Facebook wants small businesses to make an offer

Facebook wants small businesses to make an offer

Summary: The new Facebook Offers services facilitates creation of "coupon-like" promotions publicized or distributed to page followers, but there's a cost involved.

SHARE:
TOPICS: SMBs
2

Small businesses that use Facebook as a central part of marketing campaigns will need to be more careful about how they make offers on their pages, now that the social media giant has rolled out its Facebook Offers feature to the masses – and is now charging for it.

The new service lets companies with at least 400 fans create advertising coupons that can be shared with specific followers – but now it costs money to share them, a minimum of $5 per offer (after a free test). There is no charge for consumers to claim an offer.

The amount of money that small businesses will have to pay will depend on how many people they want to reach.

According to the FAQs about the new service, there are several different preset types of offers, which can contain barcodes so that small businesses can measure the effectiveness of a campaign. They are: 

In-Store Only, which customers can redeem by printing out the offer email or by showing it on their smartphone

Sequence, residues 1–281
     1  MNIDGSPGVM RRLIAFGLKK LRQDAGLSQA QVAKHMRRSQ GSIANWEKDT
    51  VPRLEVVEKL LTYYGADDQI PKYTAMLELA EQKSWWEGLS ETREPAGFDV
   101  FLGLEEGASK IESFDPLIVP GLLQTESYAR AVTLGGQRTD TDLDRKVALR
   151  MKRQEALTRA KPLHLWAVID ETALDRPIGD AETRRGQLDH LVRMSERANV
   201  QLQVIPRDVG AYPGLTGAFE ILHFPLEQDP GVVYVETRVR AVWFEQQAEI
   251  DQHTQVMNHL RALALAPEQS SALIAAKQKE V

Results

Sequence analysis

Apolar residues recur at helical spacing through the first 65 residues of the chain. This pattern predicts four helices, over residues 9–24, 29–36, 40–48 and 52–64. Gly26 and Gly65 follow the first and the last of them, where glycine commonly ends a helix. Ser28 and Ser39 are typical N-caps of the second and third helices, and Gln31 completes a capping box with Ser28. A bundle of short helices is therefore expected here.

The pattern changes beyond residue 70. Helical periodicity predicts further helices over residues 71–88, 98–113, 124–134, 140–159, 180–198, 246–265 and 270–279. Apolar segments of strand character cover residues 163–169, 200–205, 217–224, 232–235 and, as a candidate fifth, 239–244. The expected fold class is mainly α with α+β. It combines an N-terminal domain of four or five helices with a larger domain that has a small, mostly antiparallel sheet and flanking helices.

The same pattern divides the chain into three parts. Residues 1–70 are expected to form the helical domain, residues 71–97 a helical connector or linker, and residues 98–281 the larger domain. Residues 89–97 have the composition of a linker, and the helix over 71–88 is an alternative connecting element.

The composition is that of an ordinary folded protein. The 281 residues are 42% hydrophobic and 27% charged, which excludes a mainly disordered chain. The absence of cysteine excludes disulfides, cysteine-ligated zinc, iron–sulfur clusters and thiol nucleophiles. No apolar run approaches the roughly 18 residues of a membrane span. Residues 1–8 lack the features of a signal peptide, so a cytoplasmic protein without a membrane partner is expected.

In-Store and Online, which means the offer can be redeemed physically or in cyberspace

Online Only, which means coupons must be redeemed on a Web site

When a consumer claims an offer, that activity will show up their timeline, so small businesses can gain a little extra notoriety by encouraging redemption. (Of course, people can choose to hide that activity, if they want.)

Once an offer is claimed, the details are sent to the person's email (they choose which one), which has the effect of starting a personalized dialogue with that customer or customer prospect.

Offers can be targeted by parameters, such as geography or language. A small business can discontinue an offer at any time by deleting it.

Topic: SMBs

Kick off your day with ZDNet's daily email newsletter. It's the freshest tech news and opinion, served hot. Get it.

Talkback

2 comments
Log in or register to join the discussion
  • So What

    if I just post "come in today for 2 for 1 chocolate chip cookies" or buy today on our web site and get 10% of chocolate cakes off on my wall?
    txscott
  • Be careful

    Facebook's policies frown on "advertising" on your wall, so you need to be careful with the wording....
    Heather Clancy